A Midsummer Night's Dream
Courtesy Photo

Considered by many to be Shakespeare’s greatest achievement in comedy, A Midsummer Night’s Dream contains both a play within a play and a dream within its Dream. The play within is the hilariously incompetent and “tediously brief” scene of Pyramus and Thisbe, and the dream inside Shakespeare’s Dream belongs to Pyramus and Thisbe’s star performer, a working-class everyman known as Bottom the weaver. In the play’s signature metamorphosis, the fairy Puck changes Bottom’s head to that of a donkey, and it is while he remains in this awkward, part-man, part-ass state that Puck also causes the goddess Titania to fall in love with him. It’s a great setup, as the gorgeous Titania can’t seem to get anywhere with the guy in the horse head — a part which ordinarily went to the troupe’s top funny man. In the words of C. L. Barber’s classic study Shakespeare’s Festive Comedy, “Clownish oblivion to languishing beauty is sure-fire comedy on any vaudeville stage.”

As I was speaking last week with Irwin Appel, the irrepressible UCSB professor of drama and director of such recent triumphs as Bill Cain’s Equivocation and Shakespeare’s Macbeth, it became clear that Bottom’s dream, or more properly his reaction to it, is at the core of this production’s interpretation of the play.

“When he awakens, Bottom has this impulse about what to do about what has happened to him. He acknowledges that his dream was ‘a most rare vision, past the wit of man to say what dream it was,’ and he reiterates this idea in a series of very funny malapropisms, but then he concludes by saying, ‘I will get Peter Quince to write a ballad of this dream; it shall be called Bottom’s Dream because it hath no bottom,’ and it is to me just the most perfect statement of purpose for the play, which is to take the unexplained and turn it into theater.”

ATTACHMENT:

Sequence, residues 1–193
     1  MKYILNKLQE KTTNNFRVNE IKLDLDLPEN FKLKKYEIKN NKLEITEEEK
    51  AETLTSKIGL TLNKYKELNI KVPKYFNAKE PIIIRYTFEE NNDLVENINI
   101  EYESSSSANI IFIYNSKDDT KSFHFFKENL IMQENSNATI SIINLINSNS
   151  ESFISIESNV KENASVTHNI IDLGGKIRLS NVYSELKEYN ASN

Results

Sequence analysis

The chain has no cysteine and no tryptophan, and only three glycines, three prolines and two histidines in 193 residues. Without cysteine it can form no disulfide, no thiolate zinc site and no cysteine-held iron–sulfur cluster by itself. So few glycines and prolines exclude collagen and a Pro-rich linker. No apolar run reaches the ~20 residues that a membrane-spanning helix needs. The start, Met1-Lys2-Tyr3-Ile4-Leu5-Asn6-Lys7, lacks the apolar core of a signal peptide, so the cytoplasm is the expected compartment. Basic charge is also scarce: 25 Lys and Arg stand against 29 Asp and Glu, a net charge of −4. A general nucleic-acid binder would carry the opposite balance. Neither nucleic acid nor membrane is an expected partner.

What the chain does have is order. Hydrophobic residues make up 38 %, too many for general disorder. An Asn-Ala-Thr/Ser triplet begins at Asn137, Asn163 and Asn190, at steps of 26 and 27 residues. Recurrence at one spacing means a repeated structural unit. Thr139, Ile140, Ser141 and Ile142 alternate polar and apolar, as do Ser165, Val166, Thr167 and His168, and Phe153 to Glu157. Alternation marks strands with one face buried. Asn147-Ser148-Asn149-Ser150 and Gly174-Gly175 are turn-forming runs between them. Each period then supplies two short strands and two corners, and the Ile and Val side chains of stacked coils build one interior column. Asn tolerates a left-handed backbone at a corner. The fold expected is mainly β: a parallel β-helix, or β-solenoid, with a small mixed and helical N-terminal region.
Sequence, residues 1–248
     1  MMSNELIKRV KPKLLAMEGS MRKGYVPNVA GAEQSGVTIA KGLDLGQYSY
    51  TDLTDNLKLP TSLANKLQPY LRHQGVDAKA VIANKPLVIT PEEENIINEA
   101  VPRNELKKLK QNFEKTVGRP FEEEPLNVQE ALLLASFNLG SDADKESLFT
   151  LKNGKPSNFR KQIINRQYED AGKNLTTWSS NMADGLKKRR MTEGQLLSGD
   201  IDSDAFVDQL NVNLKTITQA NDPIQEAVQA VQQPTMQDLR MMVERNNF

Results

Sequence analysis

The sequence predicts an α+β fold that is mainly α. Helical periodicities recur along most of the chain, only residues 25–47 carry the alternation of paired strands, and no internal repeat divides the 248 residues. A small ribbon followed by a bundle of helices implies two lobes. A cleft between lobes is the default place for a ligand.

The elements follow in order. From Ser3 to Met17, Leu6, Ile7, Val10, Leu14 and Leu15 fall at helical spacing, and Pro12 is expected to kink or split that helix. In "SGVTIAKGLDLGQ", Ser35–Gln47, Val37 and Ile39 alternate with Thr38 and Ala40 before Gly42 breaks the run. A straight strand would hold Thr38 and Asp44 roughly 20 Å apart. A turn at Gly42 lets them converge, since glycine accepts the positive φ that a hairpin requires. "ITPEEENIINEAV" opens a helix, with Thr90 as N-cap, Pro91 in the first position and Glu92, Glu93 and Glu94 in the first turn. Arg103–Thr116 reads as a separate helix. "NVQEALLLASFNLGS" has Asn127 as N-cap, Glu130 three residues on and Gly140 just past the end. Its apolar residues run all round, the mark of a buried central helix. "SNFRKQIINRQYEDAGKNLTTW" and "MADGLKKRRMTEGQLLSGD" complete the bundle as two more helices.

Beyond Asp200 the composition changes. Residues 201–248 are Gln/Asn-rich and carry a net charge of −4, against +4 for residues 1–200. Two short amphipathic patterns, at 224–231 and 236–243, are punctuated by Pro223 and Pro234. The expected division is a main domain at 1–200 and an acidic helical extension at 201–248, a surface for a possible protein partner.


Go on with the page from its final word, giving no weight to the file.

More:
Taking the unexplained and turning it into theater may well apply to more about the UCSB Naked Shakes program than just this show, as the goal of the work has consistently been to use the words of the script to go beyond acting as an illusion and move closer to the living presence of Shakespeare’s characters as vehicles for a direct experience of the author’s vision. That’s why you won’t be seeing the kind of elaborate set or costumes that were popular in Victorian versions of the play. Played in the round in UCSB’s Movement Studio, a space even more informal than the traditional “black box” of the school’s Performing Arts Theater, this Dream will draw the audience into the action through flights rhetorical and actual. Christina McCarthy, UCSB’s resident genius on all things involving dance and movement, has designed hanging silk fabric trapezes on which the actors will “fly.” At the same time, Appel expects nothing less than imaginative flight from every sentence of Shakespeare’s magnificently poetic script. “If an actor invokes an image in the right way,” Appel told me, “he or she and the audience should be able to conjure an entire imaginative world just from hearing those words spoken with intelligence and conviction.” So see this production, in which the poet’s pen will get the help of some outstanding young actors in giving “to airy nothing / A local habitation and a name.”


A Midsummer Night’s Dream will be at UCSB’s Movement Studio TD-West 1507 Friday-Sunday, September 5-7, and Friday-Sunday, October 10-12, with performances at 7 p.m. and matinees at 2 p.m. on Saturday and Sunday. For tickets and information, call (805) 893-7221 or visit www.theaterdance.ucsb.edu. All September performances are free.


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